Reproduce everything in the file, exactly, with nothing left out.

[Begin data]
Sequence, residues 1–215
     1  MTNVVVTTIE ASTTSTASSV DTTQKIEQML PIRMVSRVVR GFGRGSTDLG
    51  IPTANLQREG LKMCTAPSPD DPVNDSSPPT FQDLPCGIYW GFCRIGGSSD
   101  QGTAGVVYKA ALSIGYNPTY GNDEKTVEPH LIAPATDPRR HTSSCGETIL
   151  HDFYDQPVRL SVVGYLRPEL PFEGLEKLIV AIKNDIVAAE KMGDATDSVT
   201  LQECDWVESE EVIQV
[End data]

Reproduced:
Sequence, residues 1–215
     1  MTNVVVTTIE ASTTSTASSV DTTQKIEQML PIRMVSRVVR GFGRGSTDLG
    51  IPTANLQREG LKMCTAPSPD DPVNDSSPPT FQDLPCGIYW GFCRIGGSSD
   101  QGTAGVVYKA ALSIGYNPTY GNDEKTVEPH LIAPATDPRR HTSSCGETIL
   151  HDFYDQPVRL SVVGYLRPEL PFEGLEKLIV AIKNDIVAAE KMGDATDSVT
   201  LQECDWVESE EVIQV